Syria Army, Rebels Agree to Eid Truce, But Will Respond to Attacksإقرأ هذا الخبر بالعربية
Syria's army and main rebel force said they will cease fire on Friday, in line with an internationally backed truce during a Muslim holiday, but both reserved the right to respond to any aggression.
A peace initiative by U.N. and Arab League peace envoy Lakhdar Brahimi calls for a truce during the four-day Muslim holiday of Eid al-Adha from Friday marking the end of the hajj pilgrimage.
It was backed this week by the United Nations Security Council, and a spokesman for U.N. chief Ban Ki-moon said "the world is now watching" to make sure both sides stick by their commitment.
The army announced it would adhere to the ceasefire in a statement read on television.
"On the occasion of Eid al-Adha, military operations will cease on Syrian territory as of Friday morning, until Monday the 29th," it said.
But it also said the army would react if "armed terrorist groups continue to fire on civilians and government troops, attack public and private property and use car bombs and improvised explosive devices."
It also warned of a response if rebels "strengthen their current positions or continue to receive reinforcements and ammunition" and to any fighters crossing from neighboring countries.
The Free Syrian Army, chief among many rebel groups battling President Bashar Assad's forces, responded positively soon afterwards, saying it too would lay down its weapons as long as regime troops adhere to the ceasefire.
"We will respect the ceasefire from tomorrow morning if the Syrian army does the same," said General Mustafa al-Sheikh of the FSA, which had previously said it doubts Damascus would stand by any commitment.
"But if they fire a single shot, we will respond with 100. So we reserve the right to respond," he said by telephone from Turkey.
He cautioned, however, that he could not speak on behalf of all rebel groups.
"There is not a unified command for all the factions. We speak on behalf of a big enough number of fighters, but there are other armed factions who follow other commands," Sheikh said.
An April ceasefire announced by Brahimi's predecessor, former U.N. secretary general Kofi Annan, failed to take hold.
If the latest one holds, it would mark the first real breakthrough in halting -- even temporarily -- the 19-month conflict that rights groups say has killed more than 35,000 people.
Eid al-Adha starts with prayers at dawn on Friday, expected at around 5:30 am local time in Syria, or 0230 GMT.
Shortly before Thursday's announcements, there were no signs of a slowdown in the fighting, with rebels moving into a strategically important Kurdish neighborhood in the main battleground city of Aleppo.
Residents in Aleppo's Ashrafiyeh district said about 200 rebels had moved in to the area for the first time.
One said the rebels, who arrived on vehicles mounted with heavy machineguns and bearing the markings of the Liwa al-Tawhid main rebel unit, made it clear they were settling in for Eid despite the ceasefire promises.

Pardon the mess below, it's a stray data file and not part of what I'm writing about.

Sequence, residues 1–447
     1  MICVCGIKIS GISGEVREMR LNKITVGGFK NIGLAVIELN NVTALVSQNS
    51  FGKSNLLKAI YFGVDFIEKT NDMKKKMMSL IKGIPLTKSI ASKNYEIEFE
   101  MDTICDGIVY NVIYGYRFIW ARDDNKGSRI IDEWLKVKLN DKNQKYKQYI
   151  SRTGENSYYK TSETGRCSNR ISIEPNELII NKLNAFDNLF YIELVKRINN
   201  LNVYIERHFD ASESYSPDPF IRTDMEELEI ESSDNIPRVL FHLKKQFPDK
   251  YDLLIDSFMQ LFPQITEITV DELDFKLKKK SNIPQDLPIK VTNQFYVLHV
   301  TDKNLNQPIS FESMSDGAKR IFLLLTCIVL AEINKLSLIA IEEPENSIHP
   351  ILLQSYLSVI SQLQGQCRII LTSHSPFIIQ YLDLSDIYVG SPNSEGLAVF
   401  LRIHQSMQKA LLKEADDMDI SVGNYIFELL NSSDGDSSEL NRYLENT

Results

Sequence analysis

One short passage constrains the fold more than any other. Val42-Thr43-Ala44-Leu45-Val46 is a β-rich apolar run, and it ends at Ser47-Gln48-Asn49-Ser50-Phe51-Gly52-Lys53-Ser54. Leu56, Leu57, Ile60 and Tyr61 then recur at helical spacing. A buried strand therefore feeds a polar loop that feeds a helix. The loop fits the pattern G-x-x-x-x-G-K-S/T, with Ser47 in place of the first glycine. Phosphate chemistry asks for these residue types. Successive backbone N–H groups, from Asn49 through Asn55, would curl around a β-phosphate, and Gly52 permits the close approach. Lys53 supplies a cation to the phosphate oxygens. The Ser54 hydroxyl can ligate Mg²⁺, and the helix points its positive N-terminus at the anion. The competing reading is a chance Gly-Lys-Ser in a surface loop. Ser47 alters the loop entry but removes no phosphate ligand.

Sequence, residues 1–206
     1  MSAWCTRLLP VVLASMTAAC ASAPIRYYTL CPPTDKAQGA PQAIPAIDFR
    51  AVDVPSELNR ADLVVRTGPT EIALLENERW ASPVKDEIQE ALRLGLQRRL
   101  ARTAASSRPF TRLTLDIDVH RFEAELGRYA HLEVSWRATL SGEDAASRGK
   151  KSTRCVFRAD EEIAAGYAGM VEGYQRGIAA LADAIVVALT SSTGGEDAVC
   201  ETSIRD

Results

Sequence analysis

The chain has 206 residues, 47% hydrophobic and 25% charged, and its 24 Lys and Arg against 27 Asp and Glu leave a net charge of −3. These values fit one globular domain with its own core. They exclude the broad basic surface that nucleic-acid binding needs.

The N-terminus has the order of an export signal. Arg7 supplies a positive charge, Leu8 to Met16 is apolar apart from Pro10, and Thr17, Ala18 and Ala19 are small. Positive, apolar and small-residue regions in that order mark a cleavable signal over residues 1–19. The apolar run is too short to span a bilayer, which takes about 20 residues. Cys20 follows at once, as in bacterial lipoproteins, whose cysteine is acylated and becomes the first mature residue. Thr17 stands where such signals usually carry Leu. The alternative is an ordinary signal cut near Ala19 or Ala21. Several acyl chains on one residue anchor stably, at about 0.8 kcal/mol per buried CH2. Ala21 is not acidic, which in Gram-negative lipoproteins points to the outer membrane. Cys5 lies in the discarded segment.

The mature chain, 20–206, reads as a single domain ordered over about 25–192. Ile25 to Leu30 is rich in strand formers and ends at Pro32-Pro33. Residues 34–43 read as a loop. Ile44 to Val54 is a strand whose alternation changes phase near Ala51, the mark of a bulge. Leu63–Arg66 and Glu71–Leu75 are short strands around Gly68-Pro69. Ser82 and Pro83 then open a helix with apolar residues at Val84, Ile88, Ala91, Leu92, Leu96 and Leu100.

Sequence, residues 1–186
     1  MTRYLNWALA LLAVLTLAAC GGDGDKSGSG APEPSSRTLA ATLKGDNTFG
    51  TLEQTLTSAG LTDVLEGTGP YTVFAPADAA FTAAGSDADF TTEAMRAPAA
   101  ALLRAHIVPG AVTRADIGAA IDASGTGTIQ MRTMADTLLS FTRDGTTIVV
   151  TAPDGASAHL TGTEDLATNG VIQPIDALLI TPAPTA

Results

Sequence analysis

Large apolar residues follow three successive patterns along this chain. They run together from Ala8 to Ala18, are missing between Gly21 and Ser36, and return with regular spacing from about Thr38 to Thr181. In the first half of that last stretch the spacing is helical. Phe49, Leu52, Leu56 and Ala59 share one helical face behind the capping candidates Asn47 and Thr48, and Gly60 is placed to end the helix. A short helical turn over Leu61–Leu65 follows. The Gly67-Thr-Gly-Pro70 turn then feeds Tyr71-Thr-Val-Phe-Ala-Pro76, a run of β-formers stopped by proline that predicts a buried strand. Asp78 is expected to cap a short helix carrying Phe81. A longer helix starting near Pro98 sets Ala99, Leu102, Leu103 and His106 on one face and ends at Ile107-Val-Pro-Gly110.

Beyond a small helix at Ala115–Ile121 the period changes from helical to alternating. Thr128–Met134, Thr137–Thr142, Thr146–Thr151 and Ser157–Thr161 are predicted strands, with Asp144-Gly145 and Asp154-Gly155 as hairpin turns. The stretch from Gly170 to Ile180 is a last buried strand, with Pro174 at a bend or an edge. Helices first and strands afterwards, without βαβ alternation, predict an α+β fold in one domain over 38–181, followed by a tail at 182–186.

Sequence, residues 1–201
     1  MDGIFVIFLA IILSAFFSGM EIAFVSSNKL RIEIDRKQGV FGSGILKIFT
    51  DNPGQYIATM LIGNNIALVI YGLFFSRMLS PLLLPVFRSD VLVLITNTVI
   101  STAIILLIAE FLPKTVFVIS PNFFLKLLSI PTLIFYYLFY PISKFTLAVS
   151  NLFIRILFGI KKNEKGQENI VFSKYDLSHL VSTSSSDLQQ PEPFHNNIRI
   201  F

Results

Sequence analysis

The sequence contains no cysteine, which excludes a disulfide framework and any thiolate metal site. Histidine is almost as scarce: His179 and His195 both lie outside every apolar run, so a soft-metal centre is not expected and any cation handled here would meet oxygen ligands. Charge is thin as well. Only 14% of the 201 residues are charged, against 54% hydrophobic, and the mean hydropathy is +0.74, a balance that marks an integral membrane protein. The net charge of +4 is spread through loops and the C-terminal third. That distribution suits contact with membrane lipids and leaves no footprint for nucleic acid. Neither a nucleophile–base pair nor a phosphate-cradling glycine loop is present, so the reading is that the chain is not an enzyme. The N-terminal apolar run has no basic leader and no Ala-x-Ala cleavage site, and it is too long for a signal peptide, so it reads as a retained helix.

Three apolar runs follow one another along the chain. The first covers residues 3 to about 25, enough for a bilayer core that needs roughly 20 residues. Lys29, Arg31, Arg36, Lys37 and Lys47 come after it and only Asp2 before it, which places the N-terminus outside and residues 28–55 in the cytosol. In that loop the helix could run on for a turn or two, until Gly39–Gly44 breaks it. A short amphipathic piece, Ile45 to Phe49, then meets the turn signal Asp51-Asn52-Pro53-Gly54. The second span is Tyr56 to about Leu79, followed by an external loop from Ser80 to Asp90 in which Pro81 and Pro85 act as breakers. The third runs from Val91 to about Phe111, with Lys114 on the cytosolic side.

"Snipers have set up in the buildings and 50 armed men, dressed in black and wearing headbands with Islamic slogans, entered a school near me. I heard them tell the residents: 'We are here to spend Eid with you'," he told Agence France Presse.
"I am waiting for things to calm down before leaving," he said.
Rebels and troops were also battling in the mainly Christian district of Seryan just south of Ashrafiyeh, said residents.
At least 100 people were killed as violence continued across Syria on Thursday -- 43 civilians, 37 soldiers and 20 rebels, said the Syrian Observatory for Human Rights.
Fierce clashes raged around the Wadi Daif military base between troops and rebels, including fighters from the jihadist al-Nusra Front, while the army shelled the strategic town of Maaret al-Numan nearby, said the watchdog.
Al-Nusra, which has claimed several deadly suicide bombings against the Assad regime, is among the other armed opposition groups that have already refused to accept the ceasefire, labeling it a "trick."
The United States also voiced skepticism, with U.S. envoy to the U.N. Susan Rice saying many would doubt the regime's word "given Assad's record of broken promises."
Still, Brahimi stressed that "if we succeed with this modest initiative, a longer ceasefire can be built" that would allow the launch of a political process.
Brahimi said he wanted the ceasefire to help create political space for dialogue and for aid to flow in, particularly to Aleppo, Homs in the center and Idlib in the northwest.
And the U.N.'s refugee agency said it was ready to send emergency aid to thousands of Syrian families in previously inaccessible areas if the ceasefire holds.
The international community boosted pressure on the regime, meanwhile, with U.N. rights investigators saying they would go after senior officials responsible for atrocities.
Former war crimes prosecutor Carla del Ponte, who joined the U.N. Commission of Inquiry on Syria last month, said that without a doubt "crimes against humanity and war crimes" were being committed in Syria.
Del Ponte said she was focusing on determining "the high-ranking political and military figures (responsible for) these crimes".